Northern makes significant EOC gains

By Rebecca Holloway
Staff Writer
The Round Table
Northern High School

This story appeared originally in The Round Table, the school newspaper of Northern High School which has partnered with the Durham VOICE.

Northern is no longer classified as a low-performing school by the North Carolina Department of Public Instruction.

Sixty – one percent of students taking EOC exams passed in 2010-2011, up from 59 percent in 2009-2010. That growth rate was the highest among Durham public high schools.

Civics and economics are the only EOC exams to have shown a decline in scores. The percentage of students who passed declined from 61 to 55 percent.

Classes that have shown slight improvement in the percentage of passing students are US History, from 66 to 69 percent; English, from 61 to 64 percent; Biology, from 65 to 67 percent and Algebra II, from 69 to 71 percent.

Physical Science and Algebra I have shown very significant increases, with Physical Science improving from 39 to 48 percent and Algebra I improving from 51 to 59 percent.

“There was a time when NHS had the highest math scores in the district,” math teacher Dorothy Mabe said. “Over the years, scores declined. We reached [the] bottom and lesson preparations changed. But in recent years, with collaborative teachers finding ways to improve test scores, they’ve gone up.”

Many steps have been taken to help students’ grades and test scores improve.

“The scores I’ve seen are about the same, maybe only a slight improvement,” science teacher Joshua Roberts said. “We do more quizzes than we used to, but most of them don’t count. It lets me see how they’re doing. We also do labs and activities.”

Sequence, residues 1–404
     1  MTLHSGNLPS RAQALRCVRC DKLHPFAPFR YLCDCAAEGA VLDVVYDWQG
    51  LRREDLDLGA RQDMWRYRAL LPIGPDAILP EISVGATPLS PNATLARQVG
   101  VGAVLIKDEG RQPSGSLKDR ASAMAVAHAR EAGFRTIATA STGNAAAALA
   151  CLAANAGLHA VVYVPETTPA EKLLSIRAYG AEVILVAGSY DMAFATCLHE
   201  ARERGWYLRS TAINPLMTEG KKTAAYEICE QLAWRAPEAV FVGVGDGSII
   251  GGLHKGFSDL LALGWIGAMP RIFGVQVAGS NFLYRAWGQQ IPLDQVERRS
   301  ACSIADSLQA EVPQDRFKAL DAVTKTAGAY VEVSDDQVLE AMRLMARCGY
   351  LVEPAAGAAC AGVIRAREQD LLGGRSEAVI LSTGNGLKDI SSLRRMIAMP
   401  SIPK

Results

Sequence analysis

Mabe likes to design her tests so that they are similar to the EOCs.

“It gets the students used to the layout of the actual tests,” Mabe said.

Some students feel that the teachers, and not just their teaching methods, are the cause of test scores rising.

“The scores have improved because better teachers have been hired, and I have really good teachers I know how to communicate with,” junior James Dearr said. “My test scores have really improved.”

The number of low-performing schools in the DPS system declined by 60 percent dropping from five low-performance schools to only two. Nine of Durham’s schools exceeded a five point gain in proficiency. Although the gains do not seem like much of an increase, they make a huge impact on the school and students.

“I’m proud of myself,” said sophomore Terrence Joseph. “My scores have improved drastically because I study for really long hours. I like EOCs because they make me realize how much I’ve progressed over the years.”

Hard work might just be what could keep NHS a high-performing school.

“I’m sure that we can stay at the top,” sophomore Shamar Pierce said. “We’ve done it before; we can keep doing it. People just have to put effort in to their work.”